I wish I had this worked out better by now. I think, watching the world wrestle with refugees and fear and self-protectionism and welcome and closed borders, that we all wish we had things like this worked out better by now.
Last month a Djiboutian family I know well was struck by a tragic medical crisis. This is a low-income family with two unemployed parents and a few almost-grown children who earn enough money to keep the family fed, clothed, and sheltered.
The crisis involved a newly married young woman, the eldest sibling. She was admitted to the hospital and remained there for over a week. On her third day in the hospital, I received a phone call.
“She needs a urine test right now and she needs money to pay for it.”
Medical care here is different from medical care I am used to in the United States. In Minnesota when my family undergoes surgery or medical tests, the doctor simply orders them and we get the (massive) bills later. Hopefully the insurance company will cover the costs but rarely does it cover everything.
Here, tests are performed and paid for one at a time, in cash and up front, so though the patient might not know why the test is being done and might not be informed of the result, she at least knows how much it costs. Also, supplies must be brought by the family (including food, sheets, pillows, water, soap, etc).
Getting a urine test required that cash, a trip to the pharmacy to get the cup, a trip to the hospital to pick up the urine sample, a trip to the lab to drop off the sample, a return trip to the hospital to deliver lunch (not provided by the hospital), a return trip to the lab to pick up results later in the day, and back to the hospital to try and find a doctor who could, and would, interpret the results.
I felt frustrated with the phone call. My first thought was, “Where is her mother and where is her husband?” I masked my anger and helped take care of this test. I spent hours there, I drove all over the city to find prescription medicine that wasn’t stocked at the hospital (I eventually found some, not at a pharmacy but at a friend’s house). I spent more hours back at the hospital, tracking down doctors and nurses, asking questions, making sure my friend had eaten and washed.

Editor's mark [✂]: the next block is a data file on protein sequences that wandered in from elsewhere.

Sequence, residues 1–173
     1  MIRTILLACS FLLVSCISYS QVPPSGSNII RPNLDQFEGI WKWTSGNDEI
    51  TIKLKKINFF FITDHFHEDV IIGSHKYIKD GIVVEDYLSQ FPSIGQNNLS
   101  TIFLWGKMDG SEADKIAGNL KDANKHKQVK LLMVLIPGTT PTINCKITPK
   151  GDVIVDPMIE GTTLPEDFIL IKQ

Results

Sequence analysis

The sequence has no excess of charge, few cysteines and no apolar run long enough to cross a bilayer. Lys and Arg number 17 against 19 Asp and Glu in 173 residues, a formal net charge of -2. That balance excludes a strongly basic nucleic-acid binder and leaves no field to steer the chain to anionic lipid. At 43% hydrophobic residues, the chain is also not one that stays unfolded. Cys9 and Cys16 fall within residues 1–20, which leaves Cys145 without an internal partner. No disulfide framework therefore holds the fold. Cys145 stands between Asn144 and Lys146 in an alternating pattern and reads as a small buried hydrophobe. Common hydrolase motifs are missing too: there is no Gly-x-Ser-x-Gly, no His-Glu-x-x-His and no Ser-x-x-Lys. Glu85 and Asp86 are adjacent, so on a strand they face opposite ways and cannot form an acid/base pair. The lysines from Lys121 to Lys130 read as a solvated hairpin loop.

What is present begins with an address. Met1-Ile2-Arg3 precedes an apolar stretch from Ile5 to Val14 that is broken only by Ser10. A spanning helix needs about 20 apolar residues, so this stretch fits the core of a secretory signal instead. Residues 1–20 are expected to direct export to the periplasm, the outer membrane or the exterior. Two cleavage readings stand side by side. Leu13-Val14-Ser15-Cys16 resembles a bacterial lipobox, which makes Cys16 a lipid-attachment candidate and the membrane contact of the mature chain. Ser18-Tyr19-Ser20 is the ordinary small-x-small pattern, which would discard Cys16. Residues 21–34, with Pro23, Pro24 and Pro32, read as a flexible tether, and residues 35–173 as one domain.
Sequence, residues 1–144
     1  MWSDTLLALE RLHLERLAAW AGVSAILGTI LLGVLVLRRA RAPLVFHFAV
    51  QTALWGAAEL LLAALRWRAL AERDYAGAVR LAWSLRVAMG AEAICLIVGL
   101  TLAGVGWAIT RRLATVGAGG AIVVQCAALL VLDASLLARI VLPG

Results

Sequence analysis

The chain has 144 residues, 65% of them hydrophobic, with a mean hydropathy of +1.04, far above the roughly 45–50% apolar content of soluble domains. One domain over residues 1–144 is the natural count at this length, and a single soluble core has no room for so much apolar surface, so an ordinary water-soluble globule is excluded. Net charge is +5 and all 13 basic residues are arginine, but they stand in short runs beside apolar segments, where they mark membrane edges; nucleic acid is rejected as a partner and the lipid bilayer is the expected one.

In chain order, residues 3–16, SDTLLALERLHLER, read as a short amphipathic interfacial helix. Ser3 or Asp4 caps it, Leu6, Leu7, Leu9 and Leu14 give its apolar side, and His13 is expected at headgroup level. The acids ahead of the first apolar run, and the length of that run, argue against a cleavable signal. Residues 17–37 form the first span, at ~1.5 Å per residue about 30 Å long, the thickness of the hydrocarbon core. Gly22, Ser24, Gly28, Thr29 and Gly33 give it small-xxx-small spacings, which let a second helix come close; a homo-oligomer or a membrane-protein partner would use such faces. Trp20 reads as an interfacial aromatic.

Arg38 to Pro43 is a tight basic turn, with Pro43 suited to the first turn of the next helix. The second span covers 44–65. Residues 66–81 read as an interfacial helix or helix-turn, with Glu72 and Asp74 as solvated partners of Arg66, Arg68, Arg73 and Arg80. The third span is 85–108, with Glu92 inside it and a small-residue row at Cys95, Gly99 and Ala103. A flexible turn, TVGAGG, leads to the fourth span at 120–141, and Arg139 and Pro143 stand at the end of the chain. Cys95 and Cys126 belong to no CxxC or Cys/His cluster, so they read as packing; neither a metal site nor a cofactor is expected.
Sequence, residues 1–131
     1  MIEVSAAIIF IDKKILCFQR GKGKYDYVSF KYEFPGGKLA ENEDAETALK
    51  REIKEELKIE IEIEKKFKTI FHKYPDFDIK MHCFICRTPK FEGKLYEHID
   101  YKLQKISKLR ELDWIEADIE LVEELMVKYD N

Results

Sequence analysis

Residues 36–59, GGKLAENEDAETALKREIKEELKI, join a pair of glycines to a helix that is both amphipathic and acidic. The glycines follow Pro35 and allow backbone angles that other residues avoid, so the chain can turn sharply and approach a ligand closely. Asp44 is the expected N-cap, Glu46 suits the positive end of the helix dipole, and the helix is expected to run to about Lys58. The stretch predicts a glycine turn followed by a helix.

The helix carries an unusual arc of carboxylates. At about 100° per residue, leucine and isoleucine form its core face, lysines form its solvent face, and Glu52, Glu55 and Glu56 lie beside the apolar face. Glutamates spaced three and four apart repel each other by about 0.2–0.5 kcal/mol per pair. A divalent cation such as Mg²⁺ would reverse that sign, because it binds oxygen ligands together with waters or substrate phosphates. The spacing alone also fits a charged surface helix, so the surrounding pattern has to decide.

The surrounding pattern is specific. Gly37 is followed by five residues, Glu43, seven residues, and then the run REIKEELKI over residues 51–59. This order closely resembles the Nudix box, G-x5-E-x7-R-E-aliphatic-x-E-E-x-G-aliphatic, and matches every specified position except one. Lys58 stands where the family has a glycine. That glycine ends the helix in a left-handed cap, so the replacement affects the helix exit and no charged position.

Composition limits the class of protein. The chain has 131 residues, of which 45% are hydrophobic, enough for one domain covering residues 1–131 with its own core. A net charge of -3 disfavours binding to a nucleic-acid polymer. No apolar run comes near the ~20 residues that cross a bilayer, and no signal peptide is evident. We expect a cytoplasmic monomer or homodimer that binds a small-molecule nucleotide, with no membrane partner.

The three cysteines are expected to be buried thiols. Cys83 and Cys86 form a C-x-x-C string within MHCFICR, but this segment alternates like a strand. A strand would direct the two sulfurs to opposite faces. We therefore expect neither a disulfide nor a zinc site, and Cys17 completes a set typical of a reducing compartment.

By the time I got home that evening I was completely drenched through my clothing and emotionally and physically exhausted. I canceled a meeting, ordered a pizza, and collapsed in my air-conditioned room.
The next day, again at the hospital, I saw the young woman’s mother, crying. She looked utterly weary, lost, and confused. She told me that the husband had been taking an exam the day before, during the time of the urine test. The exam was to help him get a job, something he needed in order to provide for his wife and soon-to-be-born child. She had been at home caring for several younger children and trying to find someone to watch them so she could come to the hospital today.
I had judged far too quickly.
I had been ignorant of all my advantages.
If the husband left the exam, he would not get that job. He needed a job for the future care of his family. He was trying to do the right thing and had to choose between two impossible things. Staying in that exam was not an easy, selfish thing for him.
If the mother had left her home, in a rough, poor neighborhood far from any kind of police oversight, her house would possibly have been broken into. They don’t have electricity, no refrigerator. She also has to cook meals fresh every day, including a long walk to the market for supplies. Every day. She had to choose: feed several young kids or go to the hospital? Staying at home was not an easy, selfish thing for her.
Me, on the other hand? I had a car, I could zip around from pharmacy to lab to hospital. I had the ability to order a pizza. I had back-up childcare and a secure home that could be left empty. I had power at the hospital, even though I am not a doctor and, as much as I detest it, because of the color of my skin and passport and the money in my wallet.
In other words, I had ease, privilege, and a buffer zone. I had margin.
This family had no margin. They were already living on the edge. They were surviving. They had enough to eat, they had a family support network established, they worked hard to maintain a clean, safe, and stable home. But they had no margin and when disaster struck, disaster requiring money and time, it pushed them right up to and nearly over the edge.
They hadn’t called the foreigner because they were uncaring or selfish. They called me because we have a relationship and because they had little other recourse. They were doing the absolute best they could and asked for almost nothing else beyond this test. Even through weeks of further medical interventions, they scraped together what they could, extended relatives got involved, and other friends rose up to help. With the bit they had, they simply needed a hand to keep them from tipping into the abyss of this crisis and being swallowed whole by it.
I was wrong to be critical. I was selfish, uncaring. Over the weeks that this crisis unfolded I saw family caring for each other in practical, tangible ways. I lent a hand, a car, or a bill, when appropriate. I learned to be much slower to cast judgment and much quicker to serve.
I learned, again, (always learning even after thirteen years as an expatriate) that I need to be less certain and more humble.